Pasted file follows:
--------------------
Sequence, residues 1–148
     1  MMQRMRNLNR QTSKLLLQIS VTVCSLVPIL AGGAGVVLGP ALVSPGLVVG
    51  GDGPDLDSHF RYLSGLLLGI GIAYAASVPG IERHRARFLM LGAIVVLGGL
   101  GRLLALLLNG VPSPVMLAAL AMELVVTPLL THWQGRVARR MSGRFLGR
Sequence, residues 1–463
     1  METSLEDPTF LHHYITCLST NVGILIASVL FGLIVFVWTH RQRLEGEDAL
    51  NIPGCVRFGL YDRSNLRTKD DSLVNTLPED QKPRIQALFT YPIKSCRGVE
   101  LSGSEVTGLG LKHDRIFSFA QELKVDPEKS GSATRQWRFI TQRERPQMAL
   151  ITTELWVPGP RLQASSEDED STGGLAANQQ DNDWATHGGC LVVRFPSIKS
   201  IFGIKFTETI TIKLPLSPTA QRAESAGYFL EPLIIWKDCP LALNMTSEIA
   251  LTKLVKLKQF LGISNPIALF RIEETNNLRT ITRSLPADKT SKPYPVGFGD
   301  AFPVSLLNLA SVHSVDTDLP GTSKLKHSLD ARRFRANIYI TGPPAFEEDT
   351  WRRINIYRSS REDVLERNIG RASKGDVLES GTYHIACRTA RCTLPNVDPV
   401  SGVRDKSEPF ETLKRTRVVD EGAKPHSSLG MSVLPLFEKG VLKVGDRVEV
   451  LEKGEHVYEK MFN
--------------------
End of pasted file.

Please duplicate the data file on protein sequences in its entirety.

Sequence, residues 1–148
     1  MMQRMRNLNR QTSKLLLQIS VTVCSLVPIL AGGAGVVLGP ALVSPGLVVG
    51  GDGPDLDSHF RYLSGLLLGI GIAYAASVPG IERHRARFLM LGAIVVLGGL
   101  GRLLALLLNG VPSPVMLAAL AMELVVTPLL THWQGRVARR MSGRFLGR
Sequence, residues 1–463
     1  METSLEDPTF LHHYITCLST NVGILIASVL FGLIVFVWTH RQRLEGEDAL
    51  NIPGCVRFGL YDRSNLRTKD DSLVNTLPED QKPRIQALFT YPIKSCRGVE
   101  LSGSEVTGLG LKHDRIFSFA QELKVDPEKS GSATRQWRFI TQRERPQMAL
   151  ITTELWVPGP RLQASSEDED STGGLAANQQ DNDWATHGGC LVVRFPSIKS
   201  IFGIKFTETI TIKLPLSPTA QRAESAGYFL EPLIIWKDCP LALNMTSEIA
   251  LTKLVKLKQF LGISNPIALF RIEETNNLRT ITRSLPADKT SKPYPVGFGD
   301  AFPVSLLNLA SVHSVDTDLP GTSKLKHSLD ARRFRANIYI TGPPAFEEDT
   351  WRRINIYRSS REDVLERNIG RASKGDVLES GTYHIACRTA RCTLPNVDPV
   401  SGVRDKSEPF ETLKRTRVVD EGAKPHSSLG MSVLPLFEKG VLKVGDRVEV
   451  LEKGEHVYEK MFN